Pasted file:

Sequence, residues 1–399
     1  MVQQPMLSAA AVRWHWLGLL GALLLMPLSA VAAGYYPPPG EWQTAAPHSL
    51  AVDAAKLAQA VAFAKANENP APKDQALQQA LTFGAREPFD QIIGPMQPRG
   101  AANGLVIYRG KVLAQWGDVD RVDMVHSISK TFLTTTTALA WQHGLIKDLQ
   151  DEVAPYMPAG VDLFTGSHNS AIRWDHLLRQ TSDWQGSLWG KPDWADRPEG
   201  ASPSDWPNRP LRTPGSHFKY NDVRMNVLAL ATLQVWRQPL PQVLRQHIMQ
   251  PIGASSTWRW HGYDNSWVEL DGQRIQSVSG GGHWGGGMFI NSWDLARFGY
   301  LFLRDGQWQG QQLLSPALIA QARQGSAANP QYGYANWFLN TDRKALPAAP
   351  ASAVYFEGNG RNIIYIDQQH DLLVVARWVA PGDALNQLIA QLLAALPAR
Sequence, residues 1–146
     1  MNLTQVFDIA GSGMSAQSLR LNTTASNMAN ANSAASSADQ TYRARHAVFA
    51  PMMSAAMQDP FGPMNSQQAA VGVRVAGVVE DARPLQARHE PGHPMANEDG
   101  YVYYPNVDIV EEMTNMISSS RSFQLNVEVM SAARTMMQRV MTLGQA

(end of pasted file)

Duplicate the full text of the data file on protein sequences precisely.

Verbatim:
Sequence, residues 1–399
     1  MVQQPMLSAA AVRWHWLGLL GALLLMPLSA VAAGYYPPPG EWQTAAPHSL
    51  AVDAAKLAQA VAFAKANENP APKDQALQQA LTFGAREPFD QIIGPMQPRG
   101  AANGLVIYRG KVLAQWGDVD RVDMVHSISK TFLTTTTALA WQHGLIKDLQ
   151  DEVAPYMPAG VDLFTGSHNS AIRWDHLLRQ TSDWQGSLWG KPDWADRPEG
   201  ASPSDWPNRP LRTPGSHFKY NDVRMNVLAL ATLQVWRQPL PQVLRQHIMQ
   251  PIGASSTWRW HGYDNSWVEL DGQRIQSVSG GGHWGGGMFI NSWDLARFGY
   301  LFLRDGQWQG QQLLSPALIA QARQGSAANP QYGYANWFLN TDRKALPAAP
   351  ASAVYFEGNG RNIIYIDQQH DLLVVARWVA PGDALNQLIA QLLAALPAR
Sequence, residues 1–146
     1  MNLTQVFDIA GSGMSAQSLR LNTTASNMAN ANSAASSADQ TYRARHAVFA
    51  PMMSAAMQDP FGPMNSQQAA VGVRVAGVVE DARPLQARHE PGHPMANEDG
   101  YVYYPNVDIV EEMTNMISSS RSFQLNVEVM SAARTMMQRV MTLGQA